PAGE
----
One year ago, today, I published a blog for the first time. Yesterday, I was told I should be quiet for the first time (with regard to my blogging, anyway…)
Inevitably when I write about something hard – whether it’s the death of innocent children or the dearth of wisdom in the White House – someone disagrees. Someone challenges my voice.
And I know that’s the nature of communication. People will inevitably disagree with you. And they have that right. That doesn’t mean I still don’t have the right to explore my thoughts and opinions and to voice them.
I write this blog for myself. It is therapeutic. It is cathartic and healthy. It is a way for me to use my voice. Because there was a time – for a very long time, actually — when my voice was silent. It was too squashed and maimed to be used.
It took a long time to build up my vocal chords, so to speak. So much so, that now, when I say something that I feel is important and needs to be said – and it strikes chords or nerves in others — I don’t know how to react; how to respond. If it is acknowledgement, I feel embarrassment. I was taught to be a wallflower. To blend into the background.
And if it is a challenge, I shut down. My brain immediately crackles and hums with the static and white noise of learned ignorance. I was taught that my thoughts weren’t thoughts. They were emotions. I was a hormone-fueled woman driven by emotions; I was unbalanced. And because of that unbalance, I should just still and look pretty. Don’t stand up, don’t speak out, I was warned.
Senator Elizabeth Warren was famously silenced on the Senate floor this year. At her workplace, where she rolls up her sleeves with nineteen other women and eighty men who were elected to ensure that all of America’s diverse voices are heard. Ironic, don’t you think?
But Senator Warren doesn’t play nice when the patriarchy puffs its chest. She has fight in her. She breathes fire. And if they try to snuff it out, she just flares up somewhere else. So when they silenced her on the Senate floor, she took it outside. (Isn’t that what men do when they get pissed and want to fight? They take it outside? Isn’t that the euphemism?) Well, Elizabeth Warren got pissed, was determined to fight, and took it outside. She fought the establishment. She fought the patriarchy. Even when she was warned (as the majority leader so infamously stated), nevertheless, she persisted.
Today is my one year blogging anniversary and I, likewise, will persist. This blog helps me. It helps me process my opinions into words on a page. Words that help me stay the course and press forward. Words that help me work through my overwhelming feelings of inadequacy. And as I write out those words I edit and edit and edit. I am as careful and calculated as a baker. I sift and weigh and measure and adjust – until I’m confident that what I’m saying is what I truly want to say. What I truly believe. And that it is as palatable as I can possibly make it – even though I know it’s not going to suit everybody’s taste.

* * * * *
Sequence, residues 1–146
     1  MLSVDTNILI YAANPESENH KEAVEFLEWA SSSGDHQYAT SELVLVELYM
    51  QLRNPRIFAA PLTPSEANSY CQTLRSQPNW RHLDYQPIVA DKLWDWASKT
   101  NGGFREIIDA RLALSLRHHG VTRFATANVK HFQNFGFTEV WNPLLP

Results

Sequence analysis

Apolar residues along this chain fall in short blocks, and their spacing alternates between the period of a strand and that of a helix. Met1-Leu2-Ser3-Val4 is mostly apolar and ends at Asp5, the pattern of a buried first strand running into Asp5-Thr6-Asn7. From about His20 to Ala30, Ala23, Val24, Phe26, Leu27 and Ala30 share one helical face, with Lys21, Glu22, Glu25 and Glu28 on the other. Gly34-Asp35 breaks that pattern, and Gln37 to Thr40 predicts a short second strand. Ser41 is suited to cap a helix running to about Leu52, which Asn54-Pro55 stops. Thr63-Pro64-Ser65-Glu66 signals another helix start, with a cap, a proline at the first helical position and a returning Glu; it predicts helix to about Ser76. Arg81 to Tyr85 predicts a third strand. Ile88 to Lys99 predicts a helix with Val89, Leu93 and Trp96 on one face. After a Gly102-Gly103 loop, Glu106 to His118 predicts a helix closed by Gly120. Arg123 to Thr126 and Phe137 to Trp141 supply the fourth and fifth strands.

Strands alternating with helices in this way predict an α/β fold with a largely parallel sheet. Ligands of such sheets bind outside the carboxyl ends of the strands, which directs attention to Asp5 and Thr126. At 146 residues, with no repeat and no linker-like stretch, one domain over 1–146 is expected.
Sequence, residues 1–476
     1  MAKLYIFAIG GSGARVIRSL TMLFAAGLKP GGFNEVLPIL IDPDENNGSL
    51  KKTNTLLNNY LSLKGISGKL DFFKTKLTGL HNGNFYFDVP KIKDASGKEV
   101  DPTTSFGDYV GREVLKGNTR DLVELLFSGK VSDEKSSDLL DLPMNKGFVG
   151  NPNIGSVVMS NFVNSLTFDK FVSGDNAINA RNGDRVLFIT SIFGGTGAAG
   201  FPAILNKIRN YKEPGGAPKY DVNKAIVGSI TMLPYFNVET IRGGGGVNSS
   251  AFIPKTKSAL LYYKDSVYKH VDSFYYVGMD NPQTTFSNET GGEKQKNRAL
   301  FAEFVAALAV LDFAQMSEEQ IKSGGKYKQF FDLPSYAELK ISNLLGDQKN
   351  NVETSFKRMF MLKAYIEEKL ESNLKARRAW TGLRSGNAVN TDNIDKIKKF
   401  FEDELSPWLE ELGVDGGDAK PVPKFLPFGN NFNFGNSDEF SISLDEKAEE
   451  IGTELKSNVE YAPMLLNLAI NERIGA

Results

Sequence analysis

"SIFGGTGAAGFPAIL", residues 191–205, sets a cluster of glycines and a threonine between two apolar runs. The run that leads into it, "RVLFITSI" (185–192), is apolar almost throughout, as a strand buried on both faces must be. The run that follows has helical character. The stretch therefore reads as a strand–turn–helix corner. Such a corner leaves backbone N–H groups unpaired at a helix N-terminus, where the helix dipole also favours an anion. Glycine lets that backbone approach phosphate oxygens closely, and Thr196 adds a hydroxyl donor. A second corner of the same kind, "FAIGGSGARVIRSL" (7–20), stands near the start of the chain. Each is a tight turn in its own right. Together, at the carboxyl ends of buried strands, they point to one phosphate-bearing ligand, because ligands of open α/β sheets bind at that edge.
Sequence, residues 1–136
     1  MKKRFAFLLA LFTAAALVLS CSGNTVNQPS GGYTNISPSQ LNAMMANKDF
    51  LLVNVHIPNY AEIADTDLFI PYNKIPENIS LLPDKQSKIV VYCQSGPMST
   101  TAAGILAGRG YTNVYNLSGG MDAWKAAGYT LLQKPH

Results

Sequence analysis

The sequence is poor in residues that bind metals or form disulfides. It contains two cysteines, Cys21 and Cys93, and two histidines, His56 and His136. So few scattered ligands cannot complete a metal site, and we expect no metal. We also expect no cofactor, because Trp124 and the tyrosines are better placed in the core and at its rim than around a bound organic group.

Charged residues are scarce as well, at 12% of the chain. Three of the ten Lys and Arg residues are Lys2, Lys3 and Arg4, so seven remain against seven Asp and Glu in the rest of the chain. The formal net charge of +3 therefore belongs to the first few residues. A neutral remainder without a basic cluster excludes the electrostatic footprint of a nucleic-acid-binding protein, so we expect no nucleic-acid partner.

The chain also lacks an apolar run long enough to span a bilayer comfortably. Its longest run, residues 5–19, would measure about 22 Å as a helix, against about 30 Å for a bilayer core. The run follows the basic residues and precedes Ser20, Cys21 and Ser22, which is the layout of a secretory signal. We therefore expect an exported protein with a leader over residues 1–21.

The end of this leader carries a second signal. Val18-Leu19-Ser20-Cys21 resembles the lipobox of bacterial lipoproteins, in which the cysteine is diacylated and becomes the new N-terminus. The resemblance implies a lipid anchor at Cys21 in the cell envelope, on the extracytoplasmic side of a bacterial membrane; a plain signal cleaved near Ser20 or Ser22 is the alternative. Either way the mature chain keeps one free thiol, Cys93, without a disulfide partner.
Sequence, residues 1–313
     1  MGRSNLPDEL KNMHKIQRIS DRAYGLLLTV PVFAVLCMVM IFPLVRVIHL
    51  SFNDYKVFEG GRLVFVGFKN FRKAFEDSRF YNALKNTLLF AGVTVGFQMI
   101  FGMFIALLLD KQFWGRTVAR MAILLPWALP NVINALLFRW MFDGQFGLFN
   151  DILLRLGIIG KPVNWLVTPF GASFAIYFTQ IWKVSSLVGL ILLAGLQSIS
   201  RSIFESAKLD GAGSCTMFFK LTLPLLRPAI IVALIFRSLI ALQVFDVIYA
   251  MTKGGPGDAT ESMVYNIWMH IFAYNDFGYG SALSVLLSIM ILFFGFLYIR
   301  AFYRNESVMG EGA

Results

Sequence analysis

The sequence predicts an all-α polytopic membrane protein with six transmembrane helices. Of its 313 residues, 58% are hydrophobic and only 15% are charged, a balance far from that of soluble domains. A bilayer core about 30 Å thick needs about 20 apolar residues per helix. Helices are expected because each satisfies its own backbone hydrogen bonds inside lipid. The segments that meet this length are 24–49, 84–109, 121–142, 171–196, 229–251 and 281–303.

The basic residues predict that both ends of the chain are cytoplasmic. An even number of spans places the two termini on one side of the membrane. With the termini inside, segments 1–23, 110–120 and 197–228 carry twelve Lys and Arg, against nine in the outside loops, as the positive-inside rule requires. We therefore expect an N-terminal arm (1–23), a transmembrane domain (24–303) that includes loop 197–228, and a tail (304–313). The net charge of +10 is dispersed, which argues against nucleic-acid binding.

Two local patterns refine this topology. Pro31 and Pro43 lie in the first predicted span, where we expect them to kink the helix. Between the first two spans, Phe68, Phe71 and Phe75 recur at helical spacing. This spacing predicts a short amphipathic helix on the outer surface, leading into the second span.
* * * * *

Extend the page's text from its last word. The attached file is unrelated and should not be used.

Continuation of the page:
Now I won’t lie and say that it doesn’t bother me when someone criticizes. Nor will I say that it doesn’t feel good when people approve. It feels nice to have my opinions acknowledged. my passions and feelings accepted. (Yes, I voice those, too – because I have learned emotions do not make me a weak, hormonally-imbalanced woman; my emotions do not invalidate my opinions). But I do not blog for the “likes” or the comments, or to try to “go viral.” If that were the case, I would be failing miserably because I am a far cry from viral, let me tell you. I have no cult following – or really much of any following. But none of that matters to me.
What matters is that I have a voice. And I have the right for that voice to be heard. And I do my utmost not to offend people. I really do. (Remember that baker’s analogy?) I have been rash at times, though. I admit it. Particularly in the days following the election. Several of those blogs may have cost me a friendship or two. And I wish that were not the case.
But that still won’t change how I think, and why I think, and the fact that, yes — in spite of all attempts to program me otherwise — I think. And believe me, I think long and hard about what I’m going to say on my blog. Because voice is powerful stuff. We all know the pen is mightier than the sword. So I try really hard not to wound.
There’s a poem by Eavan Boland I love called, “It’s a Woman’s World.” It fights female stereotypes in many clever and determined ways. And it argues that “as far as history goes, [women] were never on the scene of the crime.” We’ve never held the sword. As a result, “no page scores the low music of our outrage.” Boland goes on to argue, however, that despite the attempts to conquer and control our tongues, we women are fire-eaters. Our mouths are burning plumes, and we will be heard.
Elizabeth Warren is certainly a fire eater, a flame thrower. She knows the fight will be hard. She admits “there’s going to be a lot that we will lose. But I guarantee, the one thing we will not lose, we will not lose our voices.”
I believe we all have been given gifts from God, gifts we are programmed from the depths of our genetic markers to use, regardless of our upbringings and hardships. I believe mine is my voice. And although mine is not necessarily an audible one, it is a voice meant to be heard. And I will project it through written word.
I will not lose my voice ever again.